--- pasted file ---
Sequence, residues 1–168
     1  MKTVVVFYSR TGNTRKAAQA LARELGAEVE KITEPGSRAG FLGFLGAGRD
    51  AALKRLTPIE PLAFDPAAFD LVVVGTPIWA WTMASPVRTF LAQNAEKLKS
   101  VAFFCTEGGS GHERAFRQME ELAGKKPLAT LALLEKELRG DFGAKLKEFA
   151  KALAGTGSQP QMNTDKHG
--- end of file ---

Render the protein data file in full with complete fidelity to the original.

Sequence, residues 1–168
     1  MKTVVVFYSR TGNTRKAAQA LARELGAEVE KITEPGSRAG FLGFLGAGRD
    51  AALKRLTPIE PLAFDPAAFD LVVVGTPIWA WTMASPVRTF LAQNAEKLKS
   101  VAFFCTEGGS GHERAFRQME ELAGKKPLAT LALLEKELRG DFGAKLKEFA
   151  KALAGTGSQP QMNTDKHG